Who Pays For And Receives Health Care In the United States?

In light of the U.S. Supreme Court’s recent decision upholding as constitutional the federal health care overhaul law frequently referred to as “Obamacare,” we thought it appropriate to provide some recently released official statistics regarding health care services and their costs in the United States for the most recent years before Obamacare.

In 2009, there were 1.3 billion visits to physician offices, hospital outpatient departments, and hospital emergency departments. Of these, 1.0 billion were visits to physician offices, 96 million were visits to hospital outpatient departments, and 136 million were visits to hospital emergency departments.

In 2010, 21% of adults 18 years of age and over had one or more emergency department visits in the past year, and 8% had two or more visits.

In 2010, 79% of children 2–17 years of age, 61% of adults 18–64 years, and 58% of adults 65 years of age and over had seen a dentist in the past year.

Between 2000 and 2008–2009, the nonfederal short-stay hospital discharge rate was stable at 1,100–1,200 discharges per 10,000 population, and the average length of stay was 5 days.

The percentage of the population taking at least one prescription drug during the past 30 days increased from 38% in 1988–1994 to 48% in 2005–2008. During the same period, the percentage taking three or more prescription drugs nearly doubled, from 11% to 21%, and the percentage taking five or more drugs increased from 4% to 11%.

In 2009, 34% of personal health care expenditures were paid by private health insurance; consumers paid 14% out of pocket; 23% was paid by Medicare and 17% by Medicaid; and the remainder was paid by other insurance, payers, and programs.

In 2010, the Medicare program had 48 million enrollees and expenditures of $523 billion, up from $509 billion the previous year. Expenditures for the Medicare drug program (Part D) were $62 billion in 2010.

Of the 35 million Medicare enrollees in the fee-for-service program in 2009, 18% were under 65 years of age, compared with 15% in 2000.

In 2009, children under 21 years of age accounted for 48% of Medicaid recipients but only 20% of expenditures. Aged, blind, and persons with disabilities accounted for 21% of recipients and 63% of expenditures.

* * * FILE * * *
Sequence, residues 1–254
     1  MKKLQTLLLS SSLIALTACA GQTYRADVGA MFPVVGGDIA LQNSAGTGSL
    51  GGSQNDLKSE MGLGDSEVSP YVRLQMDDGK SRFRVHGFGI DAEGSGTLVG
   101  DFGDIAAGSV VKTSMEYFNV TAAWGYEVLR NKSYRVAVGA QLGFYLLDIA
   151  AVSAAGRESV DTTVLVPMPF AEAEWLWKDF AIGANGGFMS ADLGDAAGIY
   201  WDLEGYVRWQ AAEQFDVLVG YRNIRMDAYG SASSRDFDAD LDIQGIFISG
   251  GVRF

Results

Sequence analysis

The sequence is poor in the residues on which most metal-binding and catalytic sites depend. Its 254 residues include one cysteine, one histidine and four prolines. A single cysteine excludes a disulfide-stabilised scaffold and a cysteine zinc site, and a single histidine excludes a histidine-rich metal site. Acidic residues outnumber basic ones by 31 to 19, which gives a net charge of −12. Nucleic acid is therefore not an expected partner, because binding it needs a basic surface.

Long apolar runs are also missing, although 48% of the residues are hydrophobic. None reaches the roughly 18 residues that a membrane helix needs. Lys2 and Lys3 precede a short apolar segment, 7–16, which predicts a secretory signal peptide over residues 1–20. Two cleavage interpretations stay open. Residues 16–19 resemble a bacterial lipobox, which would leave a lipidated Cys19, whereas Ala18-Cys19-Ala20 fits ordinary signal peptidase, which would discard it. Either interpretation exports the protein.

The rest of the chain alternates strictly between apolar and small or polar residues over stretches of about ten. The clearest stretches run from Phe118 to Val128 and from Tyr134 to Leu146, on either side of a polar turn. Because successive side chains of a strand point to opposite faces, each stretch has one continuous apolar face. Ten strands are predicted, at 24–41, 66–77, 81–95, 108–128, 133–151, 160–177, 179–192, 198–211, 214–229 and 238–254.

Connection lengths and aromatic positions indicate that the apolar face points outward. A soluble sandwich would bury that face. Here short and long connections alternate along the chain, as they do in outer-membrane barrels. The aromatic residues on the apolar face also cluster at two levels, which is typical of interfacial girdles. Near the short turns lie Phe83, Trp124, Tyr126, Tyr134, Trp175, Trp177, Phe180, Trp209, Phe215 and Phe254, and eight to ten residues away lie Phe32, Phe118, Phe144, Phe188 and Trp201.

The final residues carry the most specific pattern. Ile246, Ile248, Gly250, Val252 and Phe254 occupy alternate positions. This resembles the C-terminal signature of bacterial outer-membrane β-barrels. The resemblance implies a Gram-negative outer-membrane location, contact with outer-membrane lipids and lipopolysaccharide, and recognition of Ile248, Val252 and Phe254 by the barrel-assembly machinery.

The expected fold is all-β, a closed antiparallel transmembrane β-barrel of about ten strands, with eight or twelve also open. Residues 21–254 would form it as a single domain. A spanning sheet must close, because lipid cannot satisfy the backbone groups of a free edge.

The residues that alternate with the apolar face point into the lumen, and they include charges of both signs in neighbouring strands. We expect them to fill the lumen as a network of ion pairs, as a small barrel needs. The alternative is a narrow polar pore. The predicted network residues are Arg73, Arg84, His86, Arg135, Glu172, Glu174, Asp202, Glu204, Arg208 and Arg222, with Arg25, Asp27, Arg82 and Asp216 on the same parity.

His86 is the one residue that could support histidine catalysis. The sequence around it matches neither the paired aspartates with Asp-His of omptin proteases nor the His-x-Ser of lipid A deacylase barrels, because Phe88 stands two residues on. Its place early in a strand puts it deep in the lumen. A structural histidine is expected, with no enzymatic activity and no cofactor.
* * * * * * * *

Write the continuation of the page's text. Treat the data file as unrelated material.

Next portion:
In 2009, the Children’s Health Insurance Program (CHIP) accounted for $9.5 billion (less than 1%) of personal health care expenditures.

In 2009, national health care expenditures in the United States totaled $2.5 trillion, a 4% increase from 2008. The average per capita expenditure on health was $8,000 in 2009.

Expenditures for hospital care accounted for 31% of all national health expenditures in 2009. Physician and clinical services accounted for 20% of the total, prescription drugs for 10%, and nursing care facilities and continuing care retirement communities for 6%.

Prescription drug expenditures increased 5.3% between 2008 and 2009, compared with a 3.1% increase between 2007 and 2008.

In 2009, the average cost for the entire hospitalization involving a heart valve procedure was $49,000, a coronary artery bypass graft procedure was $36,000, cardiac pacemaker insertion or replacement was $33,000, and spinal fusion was $26,000.

Between 2000 and 2010, the percentage of the population under 65 years of age with private health insurance obtained through the workplace declined from 67% to 57%.

In 2010, 8% of children under 18 years of age and 22% of adults 18–64 years of age had no health insurance coverage (public or private) at the time of interview.

Between 2000 and 2010, among children in families with income just above the poverty level (100%– 199% of poverty), the percentage of uninsured children under 18 years of age dropped from 22% to 13%, while the percentage with coverage through Medicaid or the Children’s Health Insurance Program (CHIP) increased from 28% to 54%.

Source National Center for Health Statistics. Health, United States, 2011: With Special Feature on Socioeconomic Status and Health.

If you or a family member suffered injuries or losses as a result of possible medical malpractice in the United States, you should promptly consult with a local medical malpractice attorney who may be able to investigate your potential medical malpractice claim for you.

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This entry was posted on Tuesday, July 10th, 2012 at 10:54 am. Both comments and pings are currently closed.

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